If TripAdvisor takes an active editorial role in packaging and promoting user content, a judge could rule that the website is not protected by Section 230 and is therefore liable for potentially defamatory reviews. For example, if the owners of the Mexican hotel determined that the Texas woman's claims were baseless, they could sue both the woman and TripAdvisor for publishing a false statement that damaged the resort's reputation. That might explain why they've taken a heavy hand in deleting posts alleging criminal activity.
In a statement, TripAdvisor apologized to the Texas woman for originally deleting her post (it was recently re-published... 2,600 pages deep into the site's archives) and blamed the removal on its old policies. The travel site claims to have posted "thousands" of first-hand accounts of sexual assaults and robberies in its reviews and travel forums since those policies were lifted. The policy against "third-party" information, however, still stands.
The Benefit of Badges
Additionally, TripAdvisor announced the creation of a new notification "badge" that pops up to alert users to any "health, safety or discrimination issues" regarding a specific business. Although the New York Times originally reported that TripAdvisor would post the warning based on "news reports as well as comments from the TripAdvisor community," a TripAdvisor spokesperson clarified the policy in an email to HowStuffWorks.
The warning badge itself doesn't mention the specifics of any assaults or thefts, but merely says that TripAdvisor "has been made aware of recent media reports or events concerning this property" and that users should "perform additional research" when making their travel plans.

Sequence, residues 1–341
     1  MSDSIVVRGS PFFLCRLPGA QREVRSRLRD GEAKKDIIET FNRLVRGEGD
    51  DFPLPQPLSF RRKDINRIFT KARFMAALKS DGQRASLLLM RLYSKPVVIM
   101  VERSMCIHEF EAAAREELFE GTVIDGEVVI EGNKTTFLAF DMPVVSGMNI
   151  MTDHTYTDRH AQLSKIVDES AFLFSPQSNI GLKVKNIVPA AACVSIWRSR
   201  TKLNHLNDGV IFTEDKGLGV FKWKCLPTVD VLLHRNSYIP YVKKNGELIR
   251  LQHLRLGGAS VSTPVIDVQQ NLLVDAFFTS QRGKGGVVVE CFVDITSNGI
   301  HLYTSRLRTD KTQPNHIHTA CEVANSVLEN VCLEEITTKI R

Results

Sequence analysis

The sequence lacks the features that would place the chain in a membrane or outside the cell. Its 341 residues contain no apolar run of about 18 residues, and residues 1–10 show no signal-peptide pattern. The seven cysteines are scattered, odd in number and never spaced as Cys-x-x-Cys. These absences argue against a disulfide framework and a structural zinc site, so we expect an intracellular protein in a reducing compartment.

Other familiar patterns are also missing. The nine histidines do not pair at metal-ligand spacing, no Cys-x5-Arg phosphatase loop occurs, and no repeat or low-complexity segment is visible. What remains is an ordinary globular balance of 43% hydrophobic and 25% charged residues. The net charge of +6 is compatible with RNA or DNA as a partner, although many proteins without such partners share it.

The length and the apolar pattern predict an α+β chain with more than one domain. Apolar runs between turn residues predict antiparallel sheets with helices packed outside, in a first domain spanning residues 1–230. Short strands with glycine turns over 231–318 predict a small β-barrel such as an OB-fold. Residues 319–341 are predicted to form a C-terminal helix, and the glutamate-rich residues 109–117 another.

Binkovitz thinks that the warning badge is probably a "sensible move," a way of alerting customers to a potential risk without making specific claims. It's not only a protection against TripAdvisor being sued for defamation, but it could potentially satisfy the website's legal "duty to warn."
In 2014, the U.S. 9th Circuit Court of Appeals handed down a landmark ruling in Jane Doe v. Internet Brands, Inc. in which the court held the website Model Mayhem liable for failing to warn users that other aspiring models had been lured in by fake modeling agents who then drugged them, sexually assaulted them and posted the footage on porn sites.
In that case, Internet Brands, the owner of the modeling website, couldn't hide behind Section 230 protection because the issue wasn't the content of the fake posts, but the fact that the website knew about these assaults and failed to warn its users.
"That's a pretty big change in terms of Section 230," says Binkovitz. "Under that kind of theory, you might be able to argue that a website like TripAdvisor has a duty to warn about the danger of a sexual assault occurring at a hotel. It's going to require, I think, that the plaintiff be able to show that the website operator knew of a real risk, not just that something had happened at that location previously. That's really the cutting edge of this law right now."